On Rest and Recovery

My daughter and wife have had colds for the past week or so…

Stuffy (and snotty, crusty) nose is the main symptom, which has led to some early mornings where I’m up with Livia somewhere between 4:00-5:30am.

Because of this, I’ve been a bit more tired and when I’ve been able to sneak in a 20-30 minute power nap, I’ve felt much better and operate normally.

But when I haven’t my energy has definitely been sub-par.

On Friday, I had a resistance training session scheduled but cancelled it in favour of doing some mobility work because I had absolutely no gas in the tank.

Back in the day, I probably would’ve ignored my tiredness and “manned up”…

Nowadays though, a little older, a lot less hair and hopefully a tad bit wiser, I realize that I’m not going to win any trophies and there’s no rush, so I have no problem not doing workouts if I think it’ll serve me better in the long run.

Every workout you do depletes your energy and strains the tissues worked. Basically, you’re stressing your body out.

It’s after eating and sleeping for a day or two that your body adapts and comes back stronger from that workout.

But if we go into a workout already tired or in an energy-depleted state, we’re essentially going into it with elevated cortisol.

Cortisol is a stress hormone that when elevated, inhibits the immune system leaving us open to getting sick and down regulates the function of the digestive and reproductive systems (more bloating, more constipation, less sex).

So to get through a workout when we’re already drained, our bodies being ever-so-accomodating, get us fired up by activating the full “fight or flight” response.

Think about it – we’re already tired now we’re going to go and lift 250 pounds on our backsor do a bunch of Chinups like we’re climbing a tree to escape a vicious lion – our bodies definitely see this as a fight!

So, here’s what happens HORMONALLY in our bodies (and how we often react) when we get into the fight or flight response to workout when tired:

1) We get an initial energy rush, fueled by the stress hormones adrenaline and/or norepinephrine, which can make us think, “See, all I needed to do was come to the gym. I feel great now.”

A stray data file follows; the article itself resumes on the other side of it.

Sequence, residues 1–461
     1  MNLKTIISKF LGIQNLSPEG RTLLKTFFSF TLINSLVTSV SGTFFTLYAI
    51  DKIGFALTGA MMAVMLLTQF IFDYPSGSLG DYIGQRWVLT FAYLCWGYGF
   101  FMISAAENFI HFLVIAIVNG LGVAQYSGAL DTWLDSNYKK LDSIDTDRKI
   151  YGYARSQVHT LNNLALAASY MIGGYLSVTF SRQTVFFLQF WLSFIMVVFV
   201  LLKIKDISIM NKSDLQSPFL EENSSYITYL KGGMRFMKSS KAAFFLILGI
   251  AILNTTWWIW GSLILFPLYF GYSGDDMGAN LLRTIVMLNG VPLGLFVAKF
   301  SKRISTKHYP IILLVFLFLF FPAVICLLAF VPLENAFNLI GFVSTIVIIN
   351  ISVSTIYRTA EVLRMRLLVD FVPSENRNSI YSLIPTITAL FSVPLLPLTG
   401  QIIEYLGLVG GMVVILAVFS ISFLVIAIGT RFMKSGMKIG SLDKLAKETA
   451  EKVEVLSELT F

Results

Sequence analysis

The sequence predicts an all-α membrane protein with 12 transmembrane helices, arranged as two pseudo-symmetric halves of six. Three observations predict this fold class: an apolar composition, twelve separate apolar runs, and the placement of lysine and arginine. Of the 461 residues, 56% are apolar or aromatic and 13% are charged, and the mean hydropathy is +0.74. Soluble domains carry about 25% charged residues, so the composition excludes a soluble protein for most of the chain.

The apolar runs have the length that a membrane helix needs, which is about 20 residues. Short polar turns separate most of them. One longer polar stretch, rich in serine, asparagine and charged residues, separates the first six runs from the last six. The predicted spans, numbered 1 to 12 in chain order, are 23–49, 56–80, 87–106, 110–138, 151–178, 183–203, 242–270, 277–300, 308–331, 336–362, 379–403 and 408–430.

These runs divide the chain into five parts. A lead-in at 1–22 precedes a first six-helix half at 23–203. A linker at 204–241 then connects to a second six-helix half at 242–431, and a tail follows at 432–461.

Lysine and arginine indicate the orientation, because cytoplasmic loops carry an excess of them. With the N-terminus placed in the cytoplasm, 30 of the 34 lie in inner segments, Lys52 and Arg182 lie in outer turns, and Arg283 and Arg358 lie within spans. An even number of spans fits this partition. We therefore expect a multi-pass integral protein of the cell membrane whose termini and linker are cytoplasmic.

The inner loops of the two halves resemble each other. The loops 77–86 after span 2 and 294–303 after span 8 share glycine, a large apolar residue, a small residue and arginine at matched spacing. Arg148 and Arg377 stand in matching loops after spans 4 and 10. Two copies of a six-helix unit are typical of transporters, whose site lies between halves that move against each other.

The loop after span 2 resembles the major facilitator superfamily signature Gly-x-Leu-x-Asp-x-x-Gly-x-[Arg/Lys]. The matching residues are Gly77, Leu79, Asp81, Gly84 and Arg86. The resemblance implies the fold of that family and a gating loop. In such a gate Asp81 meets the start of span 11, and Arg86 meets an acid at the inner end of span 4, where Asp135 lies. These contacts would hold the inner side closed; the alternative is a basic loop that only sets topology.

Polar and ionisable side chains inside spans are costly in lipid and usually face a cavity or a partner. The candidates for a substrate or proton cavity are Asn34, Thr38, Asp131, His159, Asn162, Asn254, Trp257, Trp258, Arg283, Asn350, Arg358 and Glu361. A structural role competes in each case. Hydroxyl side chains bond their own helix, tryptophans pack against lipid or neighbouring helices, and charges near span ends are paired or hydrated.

2) Cortisol then gets further increased, which ensures that all energy is directed to the fight/flight muscles and not the other systems, giving us energy for the entire workout. “I feel perfectly fine and I’m just as strong as always.”

3) We ride this hormone “high” for the course of the workout and end it by thinking to ourselves, “I knew it – all I needed to do was workout, I feel so much better now. No excuses!”

And while it’s true that you probably feel better, it’s not a healthy better, but a stress-hormone induced improvement in alertness, energy and focus.

One problem that you might not realize with this is that adrenaline in particular is great at dulling pain – so you may be injuring yourself and not realize it until afterwards and you won’t know why.

But the big problem with this is that when you fail to see this and continue to use this strategy (workout as normal when you’re already exhausted), you’ll soon “break” this system and then you’ll be on the sidelines for a while.

Adrenal fatigue is a term used to describe the syndrome of your adrenal glands (they produce the stress hormones) getting burnt out from being asked to do too much.

It’s definitely not a state you want to be in, so I suggest you listen to your body when it’s telling you you’re dead tired and you’ve got a workout scheduled.

Sometimes, it’s good to ignore it, especially if you know you’ve got lots of R&R time soon after, but sometimes, it’s good to listen, so you don’t burn yourself or your adrenals out.

It just takes a little experimentation and observation of how your body reacts in either scenario to know what’s the right move at the time.

Hopefully, this has enlightened you a bit and helps you not feel bad for “skipping” a workout, only when you’ve got a valid reason, of course.

There’s obviously zero value in being a lazy bum, but I know you already know this otherwise you wouldn’t be here on this VIP Newsletter list. 🙂

Anyway, just thought I’d share as this has been what’s been up in my life for the past little bit, hope it helps.

Coach E

P.S. Instead of my workout, I did a combo of the Kneeling Routine from the Hip Flexibility Solution and the Overhead Routine from the Shoulder Flexibility Solution, as well as some improv, but any work that is more about mobility, technique and activation is perfect for this kinda situation.

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